What is the Difference Between a Misdemeanor and a Felony?

The key difference to be aware of between a misdemeanor offense and felony offense is that felonies are more serious and result in significantly harsher penalties. The state of Tennessee draws a classification between more minor offenses, which result in misdemeanor charges, and the offenses that are classified as felonies and are more severely punished. It would be a mistake; however, to underestimate the seriousness of a misdemeanor charge. These offenses can still result in jail time, fines, a tainted record and more. Any conviction is a serious matter and can have repercussions in many areas of life. The distinction between a felony and a misdemeanor is only the first classification made, there are further levels and classes within these categories, take a look at Tenn. Ann. Code § 40-35-111 for more details. There are five different classes of felonies in Tennessee and the penalties vary, including:

  • Class A Felony- up to 60 years in prison and a fine of up to $50,000
  • Class B Felony- up to 30 years in prison and a fine of up to $25,000
  • Class C Felony- up to 35 years in prison and a fine of up to $10,000
  • Class D Felony- up to 12 years in prison and a fine of up to $5,000
  • Class E Felony- up to 6 years in prison and a fine of up to $3,000

Examples of felony offenses would be rape, child pornography, aggravated assault, serious drug possession, serious theft offenses and murder. If you suspect that the charges you are facing could result in a felony, it is crucial that you seek an aggressive and relentless criminal defense attorney. Misdemeanors are also serious charges to be looking at. Tennessee has three different classes of misdemeanors, here is the breakdown of potential penalties by class:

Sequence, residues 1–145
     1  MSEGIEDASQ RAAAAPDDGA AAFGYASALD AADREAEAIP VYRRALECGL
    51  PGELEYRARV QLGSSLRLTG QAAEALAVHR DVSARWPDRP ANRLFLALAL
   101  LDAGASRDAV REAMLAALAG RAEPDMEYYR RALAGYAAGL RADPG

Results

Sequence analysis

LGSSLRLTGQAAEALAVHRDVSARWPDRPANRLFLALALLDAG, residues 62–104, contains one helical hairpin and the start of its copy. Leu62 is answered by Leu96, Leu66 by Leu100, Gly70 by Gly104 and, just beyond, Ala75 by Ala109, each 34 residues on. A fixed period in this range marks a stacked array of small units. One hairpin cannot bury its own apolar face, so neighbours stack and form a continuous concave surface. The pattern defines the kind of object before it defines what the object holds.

• Class A Misdemeanor- up to one year in prison and a fine of up to $2,500
  • Class B Misdemeanor- up to six months in jail and a fine of up to $500
  • Class C Misdemeanor- up to 30 days in jail and a fine of up to $50

Some offenses that generally result in misdemeanor charges in Tennessee are assault, shoplifting, simple drug possession, trespassing, public intoxication, and prostitution. The main point of this classification of misdemeanor or felony is to help determine the potential punishment that may follow an alleged offense. If the penalties involve more than a year in prison, you are looking at a felony, and if the penalties call for a year or less in prison, you are looking at a misdemeanor. If you have any questions regarding this distinction or if you want to discuss the charges you are facing, contact The Claiborne Ferguson Law Firm, P.A. for a free case evaluation.